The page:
California’s explosive surge of COVID-19 continued over the weekend, as positive tests came back in record numbers, hospitalizations climbed to another new high and fewer ICU beds were available than ever before.
County health departments combined to report 24,588 new cases of COVID-19 on Sunday, despite only a quarter of the state’s 58 counties issuing updates, according to data compiled by this news organization. With more than 222,000 new cases in the past week — an average of more than 31,700 per day — more Californians have tested positive in the past seven days than all of October and September, combined.
In the past two weeks, California’s average daily cases have increased by 127%. Hospitals are already feeling the effects of a surge in cases that began about six weeks ago with a 76% increase in COVID-positive patients in the past two weeks.
More Californians already hospitalized with the virus than any other point of the pandemic, and that figure could still multiply in the coming weeks. On Saturday, the active count climbed to 13,047, according to the latest data from the state, its highest point of the pandemic. The patients admitted recently likely reflect infections that occurred two to three weeks ago, according to state health officials, when California was reporting new cases at half the rate it is now.
If a small number of the cases detected in the past week have hit the point of hospitalization, that could mean a massive influx of patients on top of what are already record-setting figures that are straining capacity in parts of the state. State health officials estimate about 12% of cases require hospitalization, which would translate the past week’s amount of cases into more than 26,000 additional hospitalizations in the coming weeks. If 20% of those demand intubation in an ICU — on the low end of health officials’ estimates — that would mean more than 5,300 new ICU patients, when fewer than 1,500 beds remain available, according to the latest data from the state.
Across California, ICUs are filled to 92.6% capacity, according to the Department of Public Health, but the Bay Area remains slightly better off: 16.7% of ICU beds here are open, just above the state-mandated 15% threshold, though much of the region has already implemented the new restrictions that would be triggered by falling below that figure.
In all of the San Joaquin Valley, there were no ICU beds available Saturday, though capacity increased to 1.5%, as of Sunday, the lowest of the five regions in the state. In Southern California, ICU capacity dwindled to 4.2% Sunday, and in the Greater Sacramento region, capacity increased to 15.1%. Restrictions won’t be eligible to be lifted in any of those regions until Dec. 28 at the earliest.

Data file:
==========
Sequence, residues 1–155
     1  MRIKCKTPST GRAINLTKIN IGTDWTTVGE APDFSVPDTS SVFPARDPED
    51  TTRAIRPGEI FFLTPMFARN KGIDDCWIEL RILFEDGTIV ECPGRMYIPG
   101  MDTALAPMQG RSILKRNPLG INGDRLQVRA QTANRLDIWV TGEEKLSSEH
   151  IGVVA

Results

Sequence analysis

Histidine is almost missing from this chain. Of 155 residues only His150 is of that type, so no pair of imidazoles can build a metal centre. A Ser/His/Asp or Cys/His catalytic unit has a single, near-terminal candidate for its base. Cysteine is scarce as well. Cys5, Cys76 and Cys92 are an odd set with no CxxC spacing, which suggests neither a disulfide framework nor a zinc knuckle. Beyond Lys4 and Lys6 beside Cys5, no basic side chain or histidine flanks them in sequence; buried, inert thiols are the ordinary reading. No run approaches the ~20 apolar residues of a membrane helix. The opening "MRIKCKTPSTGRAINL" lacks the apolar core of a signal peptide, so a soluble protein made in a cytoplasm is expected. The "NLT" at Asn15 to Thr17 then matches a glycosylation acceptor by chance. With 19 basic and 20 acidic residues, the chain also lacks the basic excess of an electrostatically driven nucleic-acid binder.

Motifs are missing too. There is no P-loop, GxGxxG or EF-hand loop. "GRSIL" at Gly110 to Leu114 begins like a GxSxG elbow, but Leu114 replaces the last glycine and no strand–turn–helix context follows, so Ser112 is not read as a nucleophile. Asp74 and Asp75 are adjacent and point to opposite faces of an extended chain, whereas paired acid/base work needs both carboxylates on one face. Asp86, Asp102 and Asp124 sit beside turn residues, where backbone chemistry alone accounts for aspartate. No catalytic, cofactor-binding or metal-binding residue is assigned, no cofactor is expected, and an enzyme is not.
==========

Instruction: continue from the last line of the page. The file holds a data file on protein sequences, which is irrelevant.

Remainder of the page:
As more severe cases of the virus end up hospitalized and intubated in ICUs, more Californians are also perishing from the virus. With 1,107 fatalities over the past week — an average of about 158 per day — California has reported more deaths than any other seven-day period of the pandemic.
On Sunday, there were 71 new victims of the virus reported around California, fueled mostly by the southern part of the state. Los Angeles, Orange, San Diego and San Bernardino counties accounted for 62 of the fatalities Sunday. In the San Joaquin Valley, Stanislaus County reported five new deaths and Kern County reported two; and on the Central Coast, there were two deaths in Monterey County.
The only deaths reported in the Bay Area over the weekend came in Alameda County on Saturday, though Santa Clara County set a daily record with 2,029 new cases on Sunday.
Orange County also reported a record 3,121 new cases on Sunday, while San Bernardino County broke its daily record on Saturday. In San Bernardino County, the per-capita infection rate over the past week would rank higher than all 50 states, while in Los Angeles County, the rate is higher than all but Rhode Island and Tennessee.
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California now ranks 15th among the states for infections per-capita in the past week — about 79.1 per day for every 100,000 residents — after it ranked 39th as recently as two weeks ago. The rate in the Bay Area — about 42.4 daily cases per 100,000 — would still rank below every state but Oregon, Maine, Vermont and Hawaii.
Nationally, more than 16.3 million Americans have been infected with COVID-19, including more than 210,000 per day over the past week, according to data collected by the New York Times. In California, the total infections number nearly 1.6 million, while the cumulative death toll here crossed 21,000 on Sunday.
The U.S. death toll was expected to cross 300,000 on Monday. After Sunday, it sat at 299,328, according to the Times’ data, with an average of more than 2,400 Americans perishing from the virus each day over the past week.
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